As I get older (I'm about to turn 35) I'm really enjoying the gradually increasing standard of living. As you get older, you have more responsibilities and probably more needs. I've got a four year old and old back injuries.

*camping gear - In the past I'd slept on the ground, then later in a crappy sleeping bag, then a nice sleeping bag, now we have those little puffy mats - my functionality on waking up is about the same but my back needs the comfort, these days.

*work - in the past, if I got too broke I could take random awful jobs and work long days if I needed to. Now I have more family responsibilities and less stamina, so I am happy not to have to do that.

*spending money - last weekend we were in Chicago. In the past, if I got separated from my friends or walked too far in heels and my feet hurt, I'd have to walk back anyway. Now I have an extra $20 for a cab if I get in that situation, not just $4 stuffed into my bra in case I need to take the bus.

*travel - I have taken multi-day train rides and slept in my seat because it was cheaper. I have taken long bike trips and sletp in the ditch. Again, as I get older, creakier, and have less stamina I *really* value being able to take a hot shower, get sleeper-car tickets, and stay in a hotel if my couch-hopping plans fall through.

Of course, if you start out with a pretty high standard of living you don't necessarily need it to edge upward...but the rise is pretty satisfying anyway.

Guest's picture

Awareness is all, once more. We do spend on what is important TO us. Other stuff, I see as a revolving door. My son is packing for Europe and he's taking a number of things that will be left behind--books (always appreciated in hostels), some clothing, towels, etc. I buy those things in thrift stores and then pass them to the next person.

Guest's picture

I can afirm every reason you listed & agree with you on the one you did not. I came to much of this realization not by choice but by disability. I never was much to waste stuff or hog resources, but I sure could accumulate a bunch of stuff! Having stuff is hard work & often expensive. Most everything not being actively used deteriorates quickly.

Guest's picture

Phillip, you need to write a book (seriously). Another great post.

Guest's picture
Amy K.

Philip, as always, an excellent post.

Rosa, I love (and live) your examples of a higher standard of living. Thank you for illustrating so well a restrained, but appreciable, increased standard of living over the years.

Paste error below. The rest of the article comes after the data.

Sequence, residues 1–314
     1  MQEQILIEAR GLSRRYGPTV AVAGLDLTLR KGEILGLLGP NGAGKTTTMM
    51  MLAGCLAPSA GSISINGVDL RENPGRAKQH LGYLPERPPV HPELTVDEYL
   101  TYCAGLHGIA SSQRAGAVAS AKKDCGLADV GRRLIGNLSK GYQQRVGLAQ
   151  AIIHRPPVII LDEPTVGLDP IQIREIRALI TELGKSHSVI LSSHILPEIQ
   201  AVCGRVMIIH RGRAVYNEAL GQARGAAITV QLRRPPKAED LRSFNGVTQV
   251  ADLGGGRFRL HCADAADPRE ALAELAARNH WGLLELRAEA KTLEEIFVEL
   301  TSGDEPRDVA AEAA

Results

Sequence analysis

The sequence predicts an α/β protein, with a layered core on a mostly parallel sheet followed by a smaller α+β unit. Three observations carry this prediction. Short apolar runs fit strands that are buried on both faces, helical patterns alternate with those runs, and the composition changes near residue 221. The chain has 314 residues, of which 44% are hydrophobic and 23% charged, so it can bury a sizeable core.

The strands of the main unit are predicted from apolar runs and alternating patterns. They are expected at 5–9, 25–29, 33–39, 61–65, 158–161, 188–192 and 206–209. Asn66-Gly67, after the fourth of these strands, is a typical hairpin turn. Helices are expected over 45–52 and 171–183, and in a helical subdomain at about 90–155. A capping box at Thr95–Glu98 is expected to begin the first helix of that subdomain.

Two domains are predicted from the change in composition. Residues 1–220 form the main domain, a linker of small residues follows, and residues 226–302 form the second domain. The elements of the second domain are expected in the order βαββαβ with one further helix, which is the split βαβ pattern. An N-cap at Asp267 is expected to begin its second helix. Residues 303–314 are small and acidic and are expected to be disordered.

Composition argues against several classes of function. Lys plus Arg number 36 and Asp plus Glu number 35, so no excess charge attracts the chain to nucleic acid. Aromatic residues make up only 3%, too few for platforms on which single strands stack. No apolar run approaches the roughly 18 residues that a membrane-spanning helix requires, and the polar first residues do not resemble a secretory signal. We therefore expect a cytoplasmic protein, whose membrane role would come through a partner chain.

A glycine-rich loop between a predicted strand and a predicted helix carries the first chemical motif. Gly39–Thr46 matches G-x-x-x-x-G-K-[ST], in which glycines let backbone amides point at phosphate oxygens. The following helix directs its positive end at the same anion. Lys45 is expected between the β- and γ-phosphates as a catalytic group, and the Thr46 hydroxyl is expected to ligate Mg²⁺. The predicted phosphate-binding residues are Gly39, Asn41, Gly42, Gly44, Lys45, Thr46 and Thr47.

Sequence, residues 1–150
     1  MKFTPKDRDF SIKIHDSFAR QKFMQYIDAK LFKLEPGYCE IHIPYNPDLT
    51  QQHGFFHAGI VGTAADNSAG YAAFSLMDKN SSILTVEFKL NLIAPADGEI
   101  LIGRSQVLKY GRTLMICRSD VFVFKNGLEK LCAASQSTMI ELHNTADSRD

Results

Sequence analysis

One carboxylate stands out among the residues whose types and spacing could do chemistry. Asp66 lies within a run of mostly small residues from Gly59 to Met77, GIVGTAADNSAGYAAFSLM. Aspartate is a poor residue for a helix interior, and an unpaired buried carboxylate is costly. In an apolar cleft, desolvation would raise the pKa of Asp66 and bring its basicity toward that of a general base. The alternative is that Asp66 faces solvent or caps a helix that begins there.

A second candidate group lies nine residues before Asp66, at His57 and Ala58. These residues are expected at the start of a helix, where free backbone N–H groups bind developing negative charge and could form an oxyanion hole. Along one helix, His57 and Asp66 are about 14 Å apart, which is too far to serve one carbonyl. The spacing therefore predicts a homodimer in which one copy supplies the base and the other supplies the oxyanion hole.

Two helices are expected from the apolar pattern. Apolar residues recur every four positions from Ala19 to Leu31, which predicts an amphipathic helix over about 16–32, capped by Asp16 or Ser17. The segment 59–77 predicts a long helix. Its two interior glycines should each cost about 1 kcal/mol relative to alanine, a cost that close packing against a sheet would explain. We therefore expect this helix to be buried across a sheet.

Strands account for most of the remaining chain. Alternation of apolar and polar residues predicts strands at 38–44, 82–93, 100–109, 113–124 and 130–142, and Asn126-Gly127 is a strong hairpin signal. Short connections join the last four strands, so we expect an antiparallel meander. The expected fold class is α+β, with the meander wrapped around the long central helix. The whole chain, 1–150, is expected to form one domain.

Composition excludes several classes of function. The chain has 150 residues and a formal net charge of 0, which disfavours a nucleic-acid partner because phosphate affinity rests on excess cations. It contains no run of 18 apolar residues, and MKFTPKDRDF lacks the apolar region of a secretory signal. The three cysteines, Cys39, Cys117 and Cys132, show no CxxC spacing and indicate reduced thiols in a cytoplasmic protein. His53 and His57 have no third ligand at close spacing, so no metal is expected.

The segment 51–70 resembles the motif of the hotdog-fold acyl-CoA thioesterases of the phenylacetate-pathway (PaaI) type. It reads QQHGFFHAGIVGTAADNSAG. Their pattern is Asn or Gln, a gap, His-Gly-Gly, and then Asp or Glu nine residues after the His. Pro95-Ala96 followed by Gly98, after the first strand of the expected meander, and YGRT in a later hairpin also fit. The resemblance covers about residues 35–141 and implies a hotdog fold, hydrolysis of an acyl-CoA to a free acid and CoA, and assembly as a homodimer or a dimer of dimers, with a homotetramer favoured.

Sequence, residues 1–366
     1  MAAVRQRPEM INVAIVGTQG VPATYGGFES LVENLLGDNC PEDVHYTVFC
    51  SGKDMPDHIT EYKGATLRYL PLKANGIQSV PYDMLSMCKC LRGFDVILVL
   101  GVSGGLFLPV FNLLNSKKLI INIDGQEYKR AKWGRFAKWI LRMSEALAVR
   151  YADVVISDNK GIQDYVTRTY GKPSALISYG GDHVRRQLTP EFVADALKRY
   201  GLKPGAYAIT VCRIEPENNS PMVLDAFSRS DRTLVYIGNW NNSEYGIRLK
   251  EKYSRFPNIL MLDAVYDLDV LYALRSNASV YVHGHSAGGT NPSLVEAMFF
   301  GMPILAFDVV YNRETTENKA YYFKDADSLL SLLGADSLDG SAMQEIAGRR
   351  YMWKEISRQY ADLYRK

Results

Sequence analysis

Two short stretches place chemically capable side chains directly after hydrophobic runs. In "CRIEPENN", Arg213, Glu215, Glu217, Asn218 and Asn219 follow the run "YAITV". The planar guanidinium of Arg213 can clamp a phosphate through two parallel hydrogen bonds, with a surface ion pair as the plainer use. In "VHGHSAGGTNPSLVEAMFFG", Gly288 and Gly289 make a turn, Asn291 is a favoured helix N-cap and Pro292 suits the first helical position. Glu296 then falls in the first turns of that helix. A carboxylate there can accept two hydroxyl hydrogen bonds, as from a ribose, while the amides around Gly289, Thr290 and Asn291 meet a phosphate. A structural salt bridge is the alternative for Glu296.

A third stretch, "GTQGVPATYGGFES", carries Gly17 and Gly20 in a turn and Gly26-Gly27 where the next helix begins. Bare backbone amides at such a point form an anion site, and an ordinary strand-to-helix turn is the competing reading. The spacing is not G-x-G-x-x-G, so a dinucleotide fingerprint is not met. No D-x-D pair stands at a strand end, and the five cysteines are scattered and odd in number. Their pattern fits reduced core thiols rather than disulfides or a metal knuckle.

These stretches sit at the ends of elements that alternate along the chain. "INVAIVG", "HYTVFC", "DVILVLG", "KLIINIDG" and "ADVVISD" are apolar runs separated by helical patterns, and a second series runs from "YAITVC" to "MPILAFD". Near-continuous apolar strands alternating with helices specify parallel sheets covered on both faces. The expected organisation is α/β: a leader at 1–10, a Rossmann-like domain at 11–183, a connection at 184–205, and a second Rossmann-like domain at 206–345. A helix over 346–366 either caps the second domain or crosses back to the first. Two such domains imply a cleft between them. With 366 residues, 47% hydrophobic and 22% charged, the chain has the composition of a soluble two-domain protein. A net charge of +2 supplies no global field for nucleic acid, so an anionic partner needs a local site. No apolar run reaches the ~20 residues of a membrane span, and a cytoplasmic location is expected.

Guest's picture

Agreed, "5) Obey the commandments of your faith. Many religions make rituals out of having less in the form of fasting and charity. There are a lot of reasons for this. It can change your perspective on what's important, strengthen bonds within the community, and serve as a form of solidarity with others who have less." Also, thou shalt not covet thy neighbors material things (paraphrasing here) and that is a commandment I struggle with personally. Our American society is much more materialistic than we care to admit.

Guest's picture
Seo Guru

This is easier said than done. I mean, it happened to me before when I was just starting to have a life. I just got a low wage job but with a high percentage of getting a promotion. I told myself I can save some money when my salary reaches this amount. It did and had my promotion five times along with increases in salary tenfold from my entry salary. Did I get to save? No, as you go up the ladder of the corporate world, you change peers. From the ranks to management, your expenses also increase as well as your needs. Now I learned my lesson and live the life I want to live not the other way around.

Guest's picture

I have only one reason that I use to make myself happy with less cost. Make your life simple to be happy. The more complicated you make your life, the more it gets lavish and cost you more. The simpler your life is, the less problem you have and the least cost on your life. I don’t consider that frugality but just making my life simpler to be happy.